Class Notes (1,200,000)
CA (650,000)
UTSG (50,000)
HMB265H1 (300)

Notes taken during lecture

Human Biology
Course Code
Stephen Wright

This preview shows page 1. to view the full 4 pages of the document.
LECTURE 13 March 1st
Most variation is quantitative in nature, despite what was said in the first half of the
Quantitative genetics will be focus
Phenotypic variation isnt always qualitative discrete traits: either blue or white, etc
Complex traits AKA quantitative traits
In general, two or more genes contribute to the overall phenotype
AND the environment plays a larger role than in single traits
Diabetes considered complex trait
oMany genes responsible for the overall phenotype of the individual
oMany genetic risk factors AND environment = diet, exercise, etc. plays
large role on clinical phenotype seen
Quantitative traits often show continuous variation kind of like a bell curve
oEx. height
oIn simple Mendelian genetics predictable ratios and inheritance
oWith other traits, like diabetes and height, no predictable Mendelian
ratios and complex inheritance patterns
oRange of values thus complex or quantitative traits
Continuous variation with almost infinite number of values or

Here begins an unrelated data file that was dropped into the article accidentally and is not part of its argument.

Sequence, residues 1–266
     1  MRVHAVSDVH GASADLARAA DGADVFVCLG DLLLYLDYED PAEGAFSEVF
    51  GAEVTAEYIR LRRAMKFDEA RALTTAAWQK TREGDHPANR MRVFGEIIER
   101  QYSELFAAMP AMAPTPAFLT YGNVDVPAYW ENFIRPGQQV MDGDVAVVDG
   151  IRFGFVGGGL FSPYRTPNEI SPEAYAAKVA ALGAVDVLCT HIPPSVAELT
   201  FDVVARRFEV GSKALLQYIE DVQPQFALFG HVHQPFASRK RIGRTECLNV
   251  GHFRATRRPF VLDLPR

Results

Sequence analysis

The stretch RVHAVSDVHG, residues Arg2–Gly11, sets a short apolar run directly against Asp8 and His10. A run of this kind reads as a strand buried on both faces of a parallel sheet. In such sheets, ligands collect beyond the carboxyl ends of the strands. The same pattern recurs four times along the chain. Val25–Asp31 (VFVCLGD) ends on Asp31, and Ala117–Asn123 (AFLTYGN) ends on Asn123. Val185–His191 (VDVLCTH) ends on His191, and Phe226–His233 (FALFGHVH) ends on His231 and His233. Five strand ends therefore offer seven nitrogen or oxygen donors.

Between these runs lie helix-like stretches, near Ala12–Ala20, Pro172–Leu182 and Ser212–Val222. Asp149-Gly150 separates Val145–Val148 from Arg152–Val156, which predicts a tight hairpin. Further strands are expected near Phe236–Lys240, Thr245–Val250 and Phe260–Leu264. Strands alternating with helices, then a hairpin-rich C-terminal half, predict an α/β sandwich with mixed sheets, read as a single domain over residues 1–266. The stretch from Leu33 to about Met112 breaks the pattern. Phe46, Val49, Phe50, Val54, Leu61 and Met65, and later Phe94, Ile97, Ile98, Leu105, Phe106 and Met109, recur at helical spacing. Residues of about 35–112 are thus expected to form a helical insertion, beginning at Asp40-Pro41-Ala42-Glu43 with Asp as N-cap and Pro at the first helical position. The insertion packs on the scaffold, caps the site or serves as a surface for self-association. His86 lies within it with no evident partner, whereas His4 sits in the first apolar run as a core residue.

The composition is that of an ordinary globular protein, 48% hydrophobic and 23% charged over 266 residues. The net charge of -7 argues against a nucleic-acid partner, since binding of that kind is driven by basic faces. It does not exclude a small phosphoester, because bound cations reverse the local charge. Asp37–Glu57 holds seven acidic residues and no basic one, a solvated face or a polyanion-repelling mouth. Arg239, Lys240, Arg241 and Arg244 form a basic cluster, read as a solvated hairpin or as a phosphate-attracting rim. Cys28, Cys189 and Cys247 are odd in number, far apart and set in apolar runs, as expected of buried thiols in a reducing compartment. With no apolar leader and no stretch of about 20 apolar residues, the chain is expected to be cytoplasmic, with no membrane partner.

Genetic basis exist?
oYes underlying genetic mechanisms are the same
oLaws of segregation and independent assortment still apply
But because were dealing with more than one gene at the same
time and the effects of the environment predictable ratios not
Thus continuous range of values
Meristatic traits also quantitative in nature
oType of discrete trait not just two states
oStill range of values but not a continuous range
oEx. number of children cannot have 2.5 kids
oStill complex traits complex inheritance patterns
Obscured because normally do not see Correspondence of one to one
Complex traits dont have one to one ~Like in Mendelian traits
Hence the uND~Erlying laws A~RE obscured
Frequency of number of individuals displaying trait and the different traits on
the x-axis
But there are also other types of dominance relationships
oFor instance, incomplete dominance a blending
oIntermediate phenotype
You're Reading a Preview

Unlock to view full version